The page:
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Bay Area Estate And Tax Planning Law Firm
Estate Planning
Trust Administration and probate

Understand the Gift Tax in three steps

| Aug 3, 2016 | Estate Taxes |

How much can I give and not pay taxes?

For year 2015 California residents may give up to $5.43 million in inheritance money without having to pay taxes on it. If your estate exceeds that amount the estate tax rate is 40 percent.

Does this amount change?

You bet your bottom dollar. As per the American Taxpayer Relief Act this exemption changes and is adjusted or “indexed” for inflation. The exemption amount has gone up every few years.

If I don’t use it all does it transfer?

Funny you should ask. Yes the “unused” portion of a spouse’s exemption is portable to the other spouse.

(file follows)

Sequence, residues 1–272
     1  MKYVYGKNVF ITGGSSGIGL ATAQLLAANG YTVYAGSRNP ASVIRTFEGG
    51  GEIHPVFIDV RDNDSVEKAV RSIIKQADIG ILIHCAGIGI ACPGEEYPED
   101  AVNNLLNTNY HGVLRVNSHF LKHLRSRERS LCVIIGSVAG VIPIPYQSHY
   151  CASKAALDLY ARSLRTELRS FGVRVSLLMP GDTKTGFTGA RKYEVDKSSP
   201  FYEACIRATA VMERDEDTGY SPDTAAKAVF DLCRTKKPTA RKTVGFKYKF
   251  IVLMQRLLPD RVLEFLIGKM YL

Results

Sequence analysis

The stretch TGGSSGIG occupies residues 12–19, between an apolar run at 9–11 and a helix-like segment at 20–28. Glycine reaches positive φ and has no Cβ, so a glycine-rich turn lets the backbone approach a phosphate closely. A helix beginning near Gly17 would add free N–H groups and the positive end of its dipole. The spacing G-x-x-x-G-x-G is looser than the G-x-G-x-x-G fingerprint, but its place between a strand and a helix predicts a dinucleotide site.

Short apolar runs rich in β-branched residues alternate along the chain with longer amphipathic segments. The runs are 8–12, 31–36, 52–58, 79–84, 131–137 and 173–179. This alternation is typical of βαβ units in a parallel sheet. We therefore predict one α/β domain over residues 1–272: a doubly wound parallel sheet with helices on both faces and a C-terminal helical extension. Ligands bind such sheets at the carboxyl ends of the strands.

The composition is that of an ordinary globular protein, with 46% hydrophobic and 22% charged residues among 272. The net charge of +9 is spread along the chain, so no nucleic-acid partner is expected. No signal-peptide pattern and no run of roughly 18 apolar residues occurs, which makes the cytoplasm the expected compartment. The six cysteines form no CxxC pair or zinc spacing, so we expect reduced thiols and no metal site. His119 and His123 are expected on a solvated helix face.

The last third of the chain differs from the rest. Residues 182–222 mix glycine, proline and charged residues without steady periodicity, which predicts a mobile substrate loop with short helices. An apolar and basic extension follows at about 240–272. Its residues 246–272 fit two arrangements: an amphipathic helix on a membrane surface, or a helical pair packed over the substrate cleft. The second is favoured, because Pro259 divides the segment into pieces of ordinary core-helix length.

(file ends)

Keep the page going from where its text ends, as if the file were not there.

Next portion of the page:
As you may be aware, estate taxes are levied after death. They are based on the value of the deceased’s estate before it gets transferred to the heirs.

As we mentioned above, the amount for 2015 is $5.43 million. But spouses share assets and because of that asset transfers from one spouse to another are estate tax exempt. That means this amount soars to $10 million.

  • Bonus: What if I leave my estate to charity?

This is known as a testamentary gift. The laws regarding this type of gift can change year to year. By understanding the current tax rate and laws regarding charitable giving and estate taxes you may be able to give a greater gift than you had originally thought.

If you plan on giving all or some of your estate to a church, school or other non-profit it’s important to include language specifying what the gift is and how it is to be allocated to your chosen beneficiary.

To ensure your wishes are carried out when leaving sizable gifts you should enlist the help of an experienced tax and estate attorney.

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